Wednesday, November 29, 2006

Bypassing Internet censorship: A roundup

First, news about the latest anti-web censorship tool.

Psiphon is a new Web censorship 'bypass' tool developed by researchers at the University of Toronto, Canada. Psiphon is able to go around government censorship of the web, according to researchers. It will be released on 1 December.

Reporters Without Borders lists 13 countries that it accuses of suppressing freedom of expression on the net, including Syria, China and Vietnam.

Psiphon works on P2P networks. When a net user in an uncensored country downloads Psiphon, his/her computer then becomes an access point. Thus, users then give their friend circle a unique web address, login and password, using which restricted users can easily browse the web through an encrypted connection to the proxy server.

Problems with Psiphon's solution: A Digg user points out a loophole with Psiphon – he says:

by publicizing an SSL proxy as such, isn't this Canadian company just opening themselves up to backlash from the Chinese government? Sort of like what Napster did? Everyone and their brother was using IRC, and then Napster came along and made it simple for any doofus to go out there and download pirated music. This looks to be the same sort of concept - only instead of the **AA, they'll be pissing off the Chinese government.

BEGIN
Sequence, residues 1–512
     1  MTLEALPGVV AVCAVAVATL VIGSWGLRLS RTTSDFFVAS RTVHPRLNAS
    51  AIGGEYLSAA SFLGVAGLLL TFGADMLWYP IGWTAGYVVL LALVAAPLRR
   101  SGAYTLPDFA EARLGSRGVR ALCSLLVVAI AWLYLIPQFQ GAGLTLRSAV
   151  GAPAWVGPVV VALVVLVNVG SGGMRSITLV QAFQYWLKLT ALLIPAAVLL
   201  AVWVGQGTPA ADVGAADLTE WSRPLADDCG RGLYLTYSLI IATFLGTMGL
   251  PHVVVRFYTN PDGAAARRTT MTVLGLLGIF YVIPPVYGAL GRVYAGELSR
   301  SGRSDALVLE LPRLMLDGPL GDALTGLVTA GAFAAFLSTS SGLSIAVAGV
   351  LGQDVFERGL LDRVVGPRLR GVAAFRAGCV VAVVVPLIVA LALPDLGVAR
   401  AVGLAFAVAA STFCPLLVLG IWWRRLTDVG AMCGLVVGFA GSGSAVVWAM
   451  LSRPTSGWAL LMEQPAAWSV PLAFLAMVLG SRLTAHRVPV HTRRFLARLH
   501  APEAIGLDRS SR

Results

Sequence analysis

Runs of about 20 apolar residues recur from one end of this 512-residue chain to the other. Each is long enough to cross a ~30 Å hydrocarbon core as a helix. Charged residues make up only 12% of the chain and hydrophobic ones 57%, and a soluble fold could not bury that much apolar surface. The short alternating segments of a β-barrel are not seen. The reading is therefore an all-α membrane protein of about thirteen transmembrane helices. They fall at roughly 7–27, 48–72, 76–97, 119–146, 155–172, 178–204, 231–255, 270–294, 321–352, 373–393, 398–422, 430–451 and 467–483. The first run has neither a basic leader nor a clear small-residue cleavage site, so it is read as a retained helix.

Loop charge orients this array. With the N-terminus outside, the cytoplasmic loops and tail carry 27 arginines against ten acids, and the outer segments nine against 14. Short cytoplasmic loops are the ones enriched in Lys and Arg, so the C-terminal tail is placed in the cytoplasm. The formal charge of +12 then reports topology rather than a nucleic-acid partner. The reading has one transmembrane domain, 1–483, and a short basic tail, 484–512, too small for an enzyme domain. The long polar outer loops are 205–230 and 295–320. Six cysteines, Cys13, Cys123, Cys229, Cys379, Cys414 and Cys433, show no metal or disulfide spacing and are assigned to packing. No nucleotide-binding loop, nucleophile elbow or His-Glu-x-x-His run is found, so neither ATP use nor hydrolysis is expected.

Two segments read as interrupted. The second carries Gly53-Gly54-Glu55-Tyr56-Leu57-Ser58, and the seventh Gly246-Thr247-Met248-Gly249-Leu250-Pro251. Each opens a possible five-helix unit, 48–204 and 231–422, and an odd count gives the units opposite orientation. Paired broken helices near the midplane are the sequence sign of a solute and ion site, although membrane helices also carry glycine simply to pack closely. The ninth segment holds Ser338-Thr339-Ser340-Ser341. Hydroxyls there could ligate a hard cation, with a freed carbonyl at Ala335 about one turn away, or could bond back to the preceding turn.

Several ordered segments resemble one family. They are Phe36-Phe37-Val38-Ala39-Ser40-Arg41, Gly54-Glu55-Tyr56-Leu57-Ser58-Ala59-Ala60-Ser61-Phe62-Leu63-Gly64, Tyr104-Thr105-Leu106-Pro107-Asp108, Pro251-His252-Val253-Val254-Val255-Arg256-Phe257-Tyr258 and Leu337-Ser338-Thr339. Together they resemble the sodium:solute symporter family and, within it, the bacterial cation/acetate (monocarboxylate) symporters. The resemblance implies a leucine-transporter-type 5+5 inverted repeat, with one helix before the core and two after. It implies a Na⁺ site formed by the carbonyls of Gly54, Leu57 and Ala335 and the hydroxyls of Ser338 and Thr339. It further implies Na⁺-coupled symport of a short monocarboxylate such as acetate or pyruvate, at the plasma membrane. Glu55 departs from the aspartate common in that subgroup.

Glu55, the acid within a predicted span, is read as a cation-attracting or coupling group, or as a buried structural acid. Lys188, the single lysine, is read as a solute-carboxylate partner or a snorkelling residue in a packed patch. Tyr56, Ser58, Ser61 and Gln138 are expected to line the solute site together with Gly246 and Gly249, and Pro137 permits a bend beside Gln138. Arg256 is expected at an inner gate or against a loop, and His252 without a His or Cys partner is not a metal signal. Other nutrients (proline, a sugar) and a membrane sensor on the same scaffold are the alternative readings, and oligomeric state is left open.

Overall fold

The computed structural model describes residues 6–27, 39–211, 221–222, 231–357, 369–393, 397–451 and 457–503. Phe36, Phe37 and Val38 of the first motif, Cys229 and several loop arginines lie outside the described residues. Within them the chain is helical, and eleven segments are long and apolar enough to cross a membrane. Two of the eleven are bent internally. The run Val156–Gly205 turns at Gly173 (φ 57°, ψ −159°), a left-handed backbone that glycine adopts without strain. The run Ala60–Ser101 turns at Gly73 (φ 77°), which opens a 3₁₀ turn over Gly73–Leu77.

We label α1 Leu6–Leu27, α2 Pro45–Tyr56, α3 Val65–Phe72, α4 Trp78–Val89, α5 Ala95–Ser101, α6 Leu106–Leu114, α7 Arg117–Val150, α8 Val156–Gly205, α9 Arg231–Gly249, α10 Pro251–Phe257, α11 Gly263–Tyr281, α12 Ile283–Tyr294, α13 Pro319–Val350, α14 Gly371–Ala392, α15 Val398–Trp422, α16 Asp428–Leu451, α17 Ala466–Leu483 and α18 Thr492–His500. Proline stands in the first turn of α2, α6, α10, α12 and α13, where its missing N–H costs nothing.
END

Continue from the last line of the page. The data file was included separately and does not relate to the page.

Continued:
Now let's do a roundup of resources for bypassing Internet censorship:

1. HOWTO bypass Internet Censorship
(last updated 2006-09-14)

2. How to disable censorware? (Parental controls, etc)

3. List of Anti-Censorship Proxies

4. Popular proxies

5. Downloadable software to bypass censorship (Like Psiphon)
Use Tor

6. Wikipedia’s detailed look at Internet Censorship

7. Wikpedia’s detailed look at Proxy Servers

8. Net censorship: How to bypass China's Great Firewall
Richard Clayton, a computer security researcher at the University of Cambridge, claims to have devised a way to penetrate " the Chinese wall" by ignoring the reset TCP packet returned by Chinese routers to maintain connection. Mr. Clayton says that if those packets are discarded instead of being returned as expected, then the firewall becomes utterly ineffective.

(Via Boing Boing)


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